Paul Van Weelden has been here before. Back in the December 2019 issue we first featured a wild fat-tire bike that he designed and built. And when we say “fat,” we mean fat, as it used a huge 11-inch-wide motorcycle rear tire to create part of its distinctive look. 

For Paul’s long-time friend, Brad Alber, all it took was one ride on the fat bike for him to fall in love with it and practically demand that Paul build him a bike of his own. 

At first, Brad wanted a sort of e-bomber-style off-road bike. Paul showed him a bunch of different designs. “There’s only so many to really do it. You know, straight from China, you can buy the shell frame now for $300 and then add whatever for a downhill fork and kind of go that route.” 

Despite Paul’s assurance of an easier build process, Brad demurred. “No, the frame is the heart of the bike,” he told me. “I want you to make the frame.” We went back and forth a while, and then finally we decided to focus on doing a board track-style bike.

Paul went to work in CAD to design a bike that resembled a board track racer, with the batteries in both a case that he fabricated to look like a V-twin engine, mounted in the bottom of the frame and more in the “gas tank,” which also houses the controller. 

Paul welds the bikes in a self-made jig where all the tubes are joined together. He has a hydraulic tube bender that he’s modified to bend the tubing precisely. He has a YouTube channel called “Pvanweelden” where you can see the progress of the board track racer. It’s really cool to watch him set up the jig, bend the tubes and weld it all together, then assemble it.

There’s a little suspension in the seat, and Paul custom-built a springer fork because he couldn’t find a triple-clamp fat-tire version. For the parts list, Paul started with some fairly basic components, including a 7-speed Shimano Acera drivetrain, a Redline stem, and Bengal calipers with 203mm rotors front and rear. The handlebars were hand-built.

The bike is long and low, and the bottom bracket is far forward of the seat, which not only makes for a comfortable riding position, but also makes it easier for the rider to put his feet on the ground at stops. The natural finish of the steel frame looks nice and authentic. The bike as a whole is simply beautiful.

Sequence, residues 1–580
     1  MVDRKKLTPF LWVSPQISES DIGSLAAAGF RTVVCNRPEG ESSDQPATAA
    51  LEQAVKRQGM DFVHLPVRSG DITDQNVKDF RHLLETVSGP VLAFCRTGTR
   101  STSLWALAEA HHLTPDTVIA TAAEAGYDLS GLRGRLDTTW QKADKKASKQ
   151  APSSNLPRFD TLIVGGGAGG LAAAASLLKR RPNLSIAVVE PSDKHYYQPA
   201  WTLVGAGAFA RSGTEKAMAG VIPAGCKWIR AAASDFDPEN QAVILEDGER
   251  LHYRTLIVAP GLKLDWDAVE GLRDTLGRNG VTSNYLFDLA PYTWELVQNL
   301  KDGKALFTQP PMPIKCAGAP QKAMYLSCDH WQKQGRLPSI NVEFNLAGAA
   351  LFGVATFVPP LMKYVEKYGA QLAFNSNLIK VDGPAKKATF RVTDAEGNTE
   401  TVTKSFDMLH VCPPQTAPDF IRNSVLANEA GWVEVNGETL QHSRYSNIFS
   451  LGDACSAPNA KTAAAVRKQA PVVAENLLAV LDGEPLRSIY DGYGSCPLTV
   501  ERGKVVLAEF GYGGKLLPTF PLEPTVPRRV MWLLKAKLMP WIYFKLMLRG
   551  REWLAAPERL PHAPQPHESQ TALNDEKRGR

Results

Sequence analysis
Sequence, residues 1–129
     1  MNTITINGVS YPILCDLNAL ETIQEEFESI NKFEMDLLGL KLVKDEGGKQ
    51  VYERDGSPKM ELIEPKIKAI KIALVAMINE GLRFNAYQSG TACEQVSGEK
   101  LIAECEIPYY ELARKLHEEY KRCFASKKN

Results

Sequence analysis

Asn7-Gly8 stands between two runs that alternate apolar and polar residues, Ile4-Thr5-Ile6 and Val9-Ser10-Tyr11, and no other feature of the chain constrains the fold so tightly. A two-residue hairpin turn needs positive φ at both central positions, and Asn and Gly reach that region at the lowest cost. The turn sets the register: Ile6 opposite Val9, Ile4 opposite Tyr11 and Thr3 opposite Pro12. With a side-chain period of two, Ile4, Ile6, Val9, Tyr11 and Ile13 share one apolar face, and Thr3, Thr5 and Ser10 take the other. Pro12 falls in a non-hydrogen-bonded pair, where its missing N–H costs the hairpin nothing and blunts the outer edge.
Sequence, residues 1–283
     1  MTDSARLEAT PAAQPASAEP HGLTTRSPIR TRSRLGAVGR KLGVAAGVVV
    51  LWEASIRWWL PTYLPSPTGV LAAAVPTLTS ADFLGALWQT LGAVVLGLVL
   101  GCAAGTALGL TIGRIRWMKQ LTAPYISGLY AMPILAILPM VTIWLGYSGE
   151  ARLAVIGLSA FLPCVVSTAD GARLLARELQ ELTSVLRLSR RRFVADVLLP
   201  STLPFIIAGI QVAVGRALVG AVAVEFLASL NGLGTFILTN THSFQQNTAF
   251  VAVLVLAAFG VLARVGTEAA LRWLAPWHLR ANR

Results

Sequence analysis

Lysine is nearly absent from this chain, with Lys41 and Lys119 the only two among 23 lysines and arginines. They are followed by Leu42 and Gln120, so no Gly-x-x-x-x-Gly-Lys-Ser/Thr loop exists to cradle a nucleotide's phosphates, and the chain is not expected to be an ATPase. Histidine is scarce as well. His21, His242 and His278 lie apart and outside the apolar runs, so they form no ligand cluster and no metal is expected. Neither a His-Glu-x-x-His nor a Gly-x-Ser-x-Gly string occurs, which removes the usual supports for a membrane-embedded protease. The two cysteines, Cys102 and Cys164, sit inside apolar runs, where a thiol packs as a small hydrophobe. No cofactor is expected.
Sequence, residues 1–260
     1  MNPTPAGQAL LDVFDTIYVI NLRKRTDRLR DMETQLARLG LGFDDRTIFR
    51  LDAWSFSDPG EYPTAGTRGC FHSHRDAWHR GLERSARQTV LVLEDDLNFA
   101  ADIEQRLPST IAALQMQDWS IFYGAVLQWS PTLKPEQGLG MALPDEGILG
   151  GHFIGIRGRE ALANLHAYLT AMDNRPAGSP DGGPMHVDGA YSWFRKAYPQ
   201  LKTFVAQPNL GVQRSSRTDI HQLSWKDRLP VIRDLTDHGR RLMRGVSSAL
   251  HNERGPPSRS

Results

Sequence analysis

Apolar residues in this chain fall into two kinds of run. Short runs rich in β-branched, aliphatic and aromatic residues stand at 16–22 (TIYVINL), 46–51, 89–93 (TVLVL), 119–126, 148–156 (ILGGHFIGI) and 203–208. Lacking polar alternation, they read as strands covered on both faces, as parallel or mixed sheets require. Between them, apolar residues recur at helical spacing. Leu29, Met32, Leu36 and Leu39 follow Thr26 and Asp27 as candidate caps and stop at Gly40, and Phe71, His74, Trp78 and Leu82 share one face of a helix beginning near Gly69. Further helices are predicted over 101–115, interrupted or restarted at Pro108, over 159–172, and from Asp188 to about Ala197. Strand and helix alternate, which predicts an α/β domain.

For Brad’s bike, Paul went with a similar motor to the one he used on his own bike—a 1200-watt waterproof rear hub motor from Ebikeling, which is sold as a conversion kit. It runs at 52 volts, and the batteries in the current build are generic batteries comprised of 18650 (18mm x 56mm) lithium-ion cells, but he has plans to upgrade it to better batteries made with 21700 cells. The new batteries, from Eon Lithium in Texas, will offer about 30-Ah capacity, almost 10 Ah greater than this current build.


Paul is already starting to think about his next bike, working with a Kelly controller and 72 volts, able to put out 35 amps and up to 120 amps momentarily. That sounds scary fast to us!

For all the painstaking work involved to build each bike, you’d think that bike building would be Paul’s full-time gig. But, it isn’t. Luckily, since the bike builds don’t make him much money, in addition to having a “regular job,” Paul is quick to boast of the needed support he gets from his wife Erica, who lends encouragement for this labor of love.
You can check out his other work at

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